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Healthier Eating Habits Tied to Increased Snacking

PORT WASHINGTON, N.Y. -- Consumers who follow the healthiest diets snack twice as often as those with less healthy diets, according to "Snacking in America," The NPD Group's market research report which examines long-term attitudes and behaviors associated with snacking.

Consumers with the healthiest diets consume 36 percent more snack meals per year than the average consumer. This compares to those with moderately healthy diets, who eat 1 percent fewer snack meals than the average consumer, as well as consumers with the least healthy diets, who consume 29 percent fewer snack meals than the average consumer.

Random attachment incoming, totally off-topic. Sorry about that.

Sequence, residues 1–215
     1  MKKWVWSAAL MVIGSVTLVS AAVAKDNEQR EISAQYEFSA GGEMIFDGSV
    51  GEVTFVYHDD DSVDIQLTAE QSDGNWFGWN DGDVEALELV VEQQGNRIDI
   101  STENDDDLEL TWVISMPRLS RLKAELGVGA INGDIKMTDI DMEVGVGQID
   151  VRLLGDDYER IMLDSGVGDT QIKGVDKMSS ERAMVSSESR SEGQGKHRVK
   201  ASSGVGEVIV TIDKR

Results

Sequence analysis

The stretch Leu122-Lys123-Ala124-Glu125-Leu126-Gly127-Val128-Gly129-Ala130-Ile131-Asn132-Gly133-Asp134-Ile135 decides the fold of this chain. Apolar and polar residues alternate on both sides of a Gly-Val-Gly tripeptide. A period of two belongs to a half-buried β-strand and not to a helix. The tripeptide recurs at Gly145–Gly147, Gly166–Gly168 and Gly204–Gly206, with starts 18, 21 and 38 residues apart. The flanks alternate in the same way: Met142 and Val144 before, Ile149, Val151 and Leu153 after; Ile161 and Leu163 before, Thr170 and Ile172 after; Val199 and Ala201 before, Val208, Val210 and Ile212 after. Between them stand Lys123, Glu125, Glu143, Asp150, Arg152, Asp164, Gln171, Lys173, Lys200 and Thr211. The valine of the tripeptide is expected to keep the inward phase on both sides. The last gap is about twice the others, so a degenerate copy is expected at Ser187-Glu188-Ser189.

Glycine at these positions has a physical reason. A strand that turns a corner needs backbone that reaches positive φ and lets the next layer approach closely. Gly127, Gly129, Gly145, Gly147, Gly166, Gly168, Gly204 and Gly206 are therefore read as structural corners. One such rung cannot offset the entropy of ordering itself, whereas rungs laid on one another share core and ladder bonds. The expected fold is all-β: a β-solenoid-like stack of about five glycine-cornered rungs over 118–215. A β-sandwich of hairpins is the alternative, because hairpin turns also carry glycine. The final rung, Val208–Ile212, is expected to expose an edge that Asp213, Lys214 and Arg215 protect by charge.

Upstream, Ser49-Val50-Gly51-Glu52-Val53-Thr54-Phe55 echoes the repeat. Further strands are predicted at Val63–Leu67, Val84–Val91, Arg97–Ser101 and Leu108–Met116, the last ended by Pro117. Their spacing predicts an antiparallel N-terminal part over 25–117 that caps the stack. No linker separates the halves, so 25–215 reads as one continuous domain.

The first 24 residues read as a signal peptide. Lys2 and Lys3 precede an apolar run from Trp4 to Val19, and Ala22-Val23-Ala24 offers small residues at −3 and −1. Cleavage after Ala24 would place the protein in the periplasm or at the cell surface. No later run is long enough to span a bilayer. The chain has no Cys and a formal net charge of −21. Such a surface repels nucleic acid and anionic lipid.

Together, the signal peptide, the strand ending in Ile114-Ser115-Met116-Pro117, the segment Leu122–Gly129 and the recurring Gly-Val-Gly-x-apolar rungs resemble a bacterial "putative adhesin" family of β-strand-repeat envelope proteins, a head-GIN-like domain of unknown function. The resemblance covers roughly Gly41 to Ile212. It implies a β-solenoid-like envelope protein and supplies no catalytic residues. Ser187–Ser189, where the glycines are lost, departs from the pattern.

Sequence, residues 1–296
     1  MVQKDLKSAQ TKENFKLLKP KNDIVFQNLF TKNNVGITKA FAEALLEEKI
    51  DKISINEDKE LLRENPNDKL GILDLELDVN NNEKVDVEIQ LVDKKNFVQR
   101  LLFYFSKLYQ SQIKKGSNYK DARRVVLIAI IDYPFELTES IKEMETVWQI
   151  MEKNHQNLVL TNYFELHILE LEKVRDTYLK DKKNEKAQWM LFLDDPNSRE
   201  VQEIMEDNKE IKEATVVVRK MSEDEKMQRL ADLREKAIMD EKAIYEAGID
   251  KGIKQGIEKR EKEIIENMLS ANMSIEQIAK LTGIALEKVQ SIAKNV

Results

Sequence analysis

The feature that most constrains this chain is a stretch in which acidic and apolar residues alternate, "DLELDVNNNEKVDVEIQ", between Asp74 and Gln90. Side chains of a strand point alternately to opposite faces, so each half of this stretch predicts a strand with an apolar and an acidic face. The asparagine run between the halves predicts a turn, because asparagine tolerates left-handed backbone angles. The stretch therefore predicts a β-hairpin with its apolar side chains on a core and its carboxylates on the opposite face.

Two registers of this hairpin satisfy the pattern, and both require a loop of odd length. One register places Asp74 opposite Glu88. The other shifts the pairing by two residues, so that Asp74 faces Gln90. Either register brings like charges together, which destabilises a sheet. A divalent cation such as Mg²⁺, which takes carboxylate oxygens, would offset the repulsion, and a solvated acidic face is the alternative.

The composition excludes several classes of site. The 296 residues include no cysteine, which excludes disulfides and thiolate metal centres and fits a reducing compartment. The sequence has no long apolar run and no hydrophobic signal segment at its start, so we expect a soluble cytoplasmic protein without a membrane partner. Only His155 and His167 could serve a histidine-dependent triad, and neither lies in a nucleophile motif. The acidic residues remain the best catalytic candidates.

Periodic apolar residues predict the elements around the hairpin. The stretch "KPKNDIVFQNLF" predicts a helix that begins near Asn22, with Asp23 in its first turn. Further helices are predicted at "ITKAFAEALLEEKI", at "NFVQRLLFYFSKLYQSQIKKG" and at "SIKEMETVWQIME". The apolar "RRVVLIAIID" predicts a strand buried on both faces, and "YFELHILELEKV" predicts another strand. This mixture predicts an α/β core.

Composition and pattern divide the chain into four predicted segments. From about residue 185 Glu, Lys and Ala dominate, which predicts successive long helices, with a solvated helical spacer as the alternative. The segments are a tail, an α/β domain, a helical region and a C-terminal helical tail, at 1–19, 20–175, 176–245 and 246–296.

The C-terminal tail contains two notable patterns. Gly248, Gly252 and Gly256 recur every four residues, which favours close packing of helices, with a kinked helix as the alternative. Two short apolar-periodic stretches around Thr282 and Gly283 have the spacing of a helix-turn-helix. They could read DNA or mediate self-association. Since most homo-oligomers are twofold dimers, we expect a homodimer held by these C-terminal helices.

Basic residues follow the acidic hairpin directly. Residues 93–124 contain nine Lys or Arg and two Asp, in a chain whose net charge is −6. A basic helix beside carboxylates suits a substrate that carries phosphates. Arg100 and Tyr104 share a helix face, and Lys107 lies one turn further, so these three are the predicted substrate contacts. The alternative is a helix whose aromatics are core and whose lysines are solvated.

"We are no longer as averse to snacking as we used to be -- instead, snacking may be viewed as one way to improve healthy eating habits," said Darren Seifer, food and beverage industry analyst for NPD. "This way of thinking about snacking provides an opportunity for manufacturers to make health and wellness innovation part of their product development and marketing strategy."

The report, which also identifies and examines the consumers who drive current and future snack consumption, finds those following a "most healthy" diet eat a wider variety of healthy snacks such as fruit, yogurt and bars.


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